The must-read stories and debate in health policy and leadership
- Today’s reconfiguration row: Commissioners look again at trust’s ‘fragile’ services
- Today’s new appointment: Lord Darzi appointed chair of new innovation panel
Gosport joins the ranks of scandal hit hospitals
Ely, Mid Staffordshire, Morecambe Bay – to this blacklist of scandal-hit NHS hospitals we can now add Gosport War Memorial.
A four-year independent inquiry found that 456 patients died over a 12-year period after being given unsafe painkillers without medical justification.
The panel concluded another 200 patients “probably” had their lives shortened by the prescribing and administration of opioids that had become the norm at the Hampshire hospital.
Its 370-page report is grim reading, and it details failings by hospital staff, local NHS organisations, regulators, the police, the coroner’s service, and standards authorities.
As is always the case with patient safety scandals, the NHS’s initial reaction to families’ concerns was to “close ranks”, reflected Norman Lamb MP, who set up the inquiry during his time as health minister.
While the “institutionalised practice of shortening patients’ lives” was presided over by now-retired GP Jane Barton – both the consultant and nursing workforce were criticised for not challenging the culture.
It remains to be seen what action the government will take, but calls for a fresh police investigation – carried out by a different constabulary than Hampshire Police – look hard to turn down.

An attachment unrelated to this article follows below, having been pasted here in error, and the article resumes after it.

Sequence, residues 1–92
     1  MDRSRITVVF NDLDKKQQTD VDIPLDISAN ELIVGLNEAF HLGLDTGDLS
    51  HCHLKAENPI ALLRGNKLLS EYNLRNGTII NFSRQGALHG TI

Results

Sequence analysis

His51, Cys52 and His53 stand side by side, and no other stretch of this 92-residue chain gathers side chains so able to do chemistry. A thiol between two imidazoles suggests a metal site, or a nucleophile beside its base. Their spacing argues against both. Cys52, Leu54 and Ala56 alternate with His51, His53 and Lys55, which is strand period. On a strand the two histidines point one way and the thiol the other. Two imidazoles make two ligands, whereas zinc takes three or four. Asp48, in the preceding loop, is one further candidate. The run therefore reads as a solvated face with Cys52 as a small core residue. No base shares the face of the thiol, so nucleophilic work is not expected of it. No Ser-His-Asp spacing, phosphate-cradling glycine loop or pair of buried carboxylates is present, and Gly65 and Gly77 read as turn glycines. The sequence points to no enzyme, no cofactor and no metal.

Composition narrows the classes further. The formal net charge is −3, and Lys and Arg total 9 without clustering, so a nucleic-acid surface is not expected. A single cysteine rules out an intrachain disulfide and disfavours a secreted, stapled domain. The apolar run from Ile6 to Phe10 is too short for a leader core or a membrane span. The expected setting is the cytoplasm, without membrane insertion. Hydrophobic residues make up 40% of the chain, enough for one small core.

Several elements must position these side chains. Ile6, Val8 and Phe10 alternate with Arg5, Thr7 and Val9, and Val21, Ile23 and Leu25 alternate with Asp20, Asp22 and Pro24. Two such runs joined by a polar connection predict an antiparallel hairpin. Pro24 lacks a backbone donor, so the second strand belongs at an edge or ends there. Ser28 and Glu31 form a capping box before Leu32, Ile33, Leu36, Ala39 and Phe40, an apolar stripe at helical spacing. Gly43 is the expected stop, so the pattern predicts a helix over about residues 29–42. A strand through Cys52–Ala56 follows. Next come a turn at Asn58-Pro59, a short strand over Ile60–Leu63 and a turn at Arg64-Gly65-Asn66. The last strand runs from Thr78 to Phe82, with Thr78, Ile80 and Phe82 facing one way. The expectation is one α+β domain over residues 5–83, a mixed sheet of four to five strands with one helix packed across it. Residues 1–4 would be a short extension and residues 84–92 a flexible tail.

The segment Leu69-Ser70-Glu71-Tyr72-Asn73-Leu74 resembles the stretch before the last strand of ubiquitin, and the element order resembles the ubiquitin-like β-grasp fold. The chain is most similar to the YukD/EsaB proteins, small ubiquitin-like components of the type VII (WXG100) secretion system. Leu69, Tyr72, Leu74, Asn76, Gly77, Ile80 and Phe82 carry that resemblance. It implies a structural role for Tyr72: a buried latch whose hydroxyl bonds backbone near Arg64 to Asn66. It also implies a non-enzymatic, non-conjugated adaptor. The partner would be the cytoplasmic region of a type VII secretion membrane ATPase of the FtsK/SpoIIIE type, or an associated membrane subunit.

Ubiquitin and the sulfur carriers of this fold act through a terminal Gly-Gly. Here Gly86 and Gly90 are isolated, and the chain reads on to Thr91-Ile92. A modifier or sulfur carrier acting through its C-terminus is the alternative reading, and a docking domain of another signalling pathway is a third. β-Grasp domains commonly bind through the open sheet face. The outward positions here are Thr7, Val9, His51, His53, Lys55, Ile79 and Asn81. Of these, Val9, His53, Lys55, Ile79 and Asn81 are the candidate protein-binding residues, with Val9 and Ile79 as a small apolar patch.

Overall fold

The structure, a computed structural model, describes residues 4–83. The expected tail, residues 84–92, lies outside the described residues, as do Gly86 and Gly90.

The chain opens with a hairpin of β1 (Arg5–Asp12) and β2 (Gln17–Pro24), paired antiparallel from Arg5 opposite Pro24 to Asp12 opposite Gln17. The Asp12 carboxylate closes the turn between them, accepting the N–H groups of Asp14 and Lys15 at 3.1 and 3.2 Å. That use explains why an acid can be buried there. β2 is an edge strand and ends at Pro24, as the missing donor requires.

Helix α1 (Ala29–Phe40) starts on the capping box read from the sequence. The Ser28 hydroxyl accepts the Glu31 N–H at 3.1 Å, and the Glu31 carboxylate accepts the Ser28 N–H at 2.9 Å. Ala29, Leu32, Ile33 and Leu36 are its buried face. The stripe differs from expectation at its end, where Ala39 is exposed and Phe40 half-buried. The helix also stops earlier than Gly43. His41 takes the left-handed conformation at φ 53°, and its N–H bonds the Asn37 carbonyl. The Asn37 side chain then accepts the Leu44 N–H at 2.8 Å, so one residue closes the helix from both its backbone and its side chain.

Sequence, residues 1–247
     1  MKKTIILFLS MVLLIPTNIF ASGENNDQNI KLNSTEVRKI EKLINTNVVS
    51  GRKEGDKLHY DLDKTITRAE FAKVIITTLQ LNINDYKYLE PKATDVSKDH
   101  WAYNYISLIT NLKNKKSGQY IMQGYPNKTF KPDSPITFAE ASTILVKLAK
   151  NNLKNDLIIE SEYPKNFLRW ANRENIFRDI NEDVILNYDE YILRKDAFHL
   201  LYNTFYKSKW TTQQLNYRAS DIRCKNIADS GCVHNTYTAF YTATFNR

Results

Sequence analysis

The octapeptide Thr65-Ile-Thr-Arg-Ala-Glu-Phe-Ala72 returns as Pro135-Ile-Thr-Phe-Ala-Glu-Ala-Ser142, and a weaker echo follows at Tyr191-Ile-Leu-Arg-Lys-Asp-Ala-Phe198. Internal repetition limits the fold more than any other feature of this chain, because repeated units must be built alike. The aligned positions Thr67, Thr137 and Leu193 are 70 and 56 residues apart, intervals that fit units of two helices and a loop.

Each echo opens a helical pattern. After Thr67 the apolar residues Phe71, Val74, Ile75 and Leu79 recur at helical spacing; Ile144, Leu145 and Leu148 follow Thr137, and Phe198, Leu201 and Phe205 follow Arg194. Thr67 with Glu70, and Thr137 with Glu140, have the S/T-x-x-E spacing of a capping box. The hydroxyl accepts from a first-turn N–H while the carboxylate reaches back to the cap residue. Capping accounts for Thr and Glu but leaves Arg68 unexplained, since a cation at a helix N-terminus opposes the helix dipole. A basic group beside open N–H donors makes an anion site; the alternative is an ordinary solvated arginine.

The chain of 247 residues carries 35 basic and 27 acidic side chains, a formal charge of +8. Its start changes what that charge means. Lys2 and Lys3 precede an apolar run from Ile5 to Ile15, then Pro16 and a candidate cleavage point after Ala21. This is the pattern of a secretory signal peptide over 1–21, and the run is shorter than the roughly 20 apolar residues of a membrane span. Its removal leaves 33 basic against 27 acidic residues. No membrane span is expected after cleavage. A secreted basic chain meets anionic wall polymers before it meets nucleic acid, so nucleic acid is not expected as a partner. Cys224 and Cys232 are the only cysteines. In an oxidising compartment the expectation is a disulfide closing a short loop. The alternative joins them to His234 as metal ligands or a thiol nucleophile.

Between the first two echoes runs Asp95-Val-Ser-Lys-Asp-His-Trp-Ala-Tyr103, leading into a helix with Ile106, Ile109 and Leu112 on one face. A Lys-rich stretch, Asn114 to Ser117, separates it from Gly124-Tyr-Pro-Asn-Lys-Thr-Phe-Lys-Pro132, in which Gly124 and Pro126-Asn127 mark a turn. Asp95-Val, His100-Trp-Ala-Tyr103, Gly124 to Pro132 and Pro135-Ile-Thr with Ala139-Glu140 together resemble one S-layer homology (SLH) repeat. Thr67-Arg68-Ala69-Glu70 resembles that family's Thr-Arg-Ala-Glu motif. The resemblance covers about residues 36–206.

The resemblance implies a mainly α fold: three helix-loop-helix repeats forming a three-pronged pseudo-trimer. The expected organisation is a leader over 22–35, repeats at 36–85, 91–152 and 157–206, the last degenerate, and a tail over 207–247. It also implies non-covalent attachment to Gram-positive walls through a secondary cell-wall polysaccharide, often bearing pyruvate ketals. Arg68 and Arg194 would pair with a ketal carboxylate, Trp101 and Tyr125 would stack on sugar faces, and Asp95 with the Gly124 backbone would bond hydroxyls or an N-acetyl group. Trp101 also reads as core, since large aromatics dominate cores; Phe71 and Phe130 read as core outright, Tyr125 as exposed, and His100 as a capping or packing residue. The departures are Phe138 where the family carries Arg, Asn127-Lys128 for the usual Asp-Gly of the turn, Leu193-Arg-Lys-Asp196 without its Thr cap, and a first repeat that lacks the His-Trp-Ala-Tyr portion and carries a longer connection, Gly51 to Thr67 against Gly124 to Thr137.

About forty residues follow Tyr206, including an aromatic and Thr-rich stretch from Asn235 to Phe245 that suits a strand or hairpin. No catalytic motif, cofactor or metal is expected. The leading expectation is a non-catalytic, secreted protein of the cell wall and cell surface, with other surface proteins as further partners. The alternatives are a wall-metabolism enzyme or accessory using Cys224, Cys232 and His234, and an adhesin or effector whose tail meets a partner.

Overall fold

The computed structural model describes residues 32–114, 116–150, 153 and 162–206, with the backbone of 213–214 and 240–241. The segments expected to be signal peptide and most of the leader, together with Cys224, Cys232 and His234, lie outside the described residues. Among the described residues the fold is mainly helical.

Families of patients who died have waited 20 years for answers, but as one campaigner said when the report was published this morning: “Today is only the beginning”.
Tightening the screws
Despite making savings of more than £500m in agency spending, NHS Improvement is expecting even more from trusts.
The regulator has told trusts to accelerate the reduction in the amount paid per agency shift and has said it will work intensively with eight of the highest spending trusts to manage their agency staff spending.
The new rules have been spelled out in a letter sent to chief executives, financial directors and nursing and medical directors, instructing trusts to apply “robust internal controls” on temporary staff spending.
Some of the new rules will start with immediate effect, such as trusts needing to formally report all shifts signed off by chief executives above £100 per hour every week from July.
NHS Providers has expressed concern and said it will be difficult to tighten the screws even further. One chief executive even warned it could be undeliverable in practice.
Some might hope that the scrapping of the tier two visa cap could ease workforce shortages, therefore reducing the need for temporary staff, but in the short term this new savings drive will certainly be a challenge for trusts.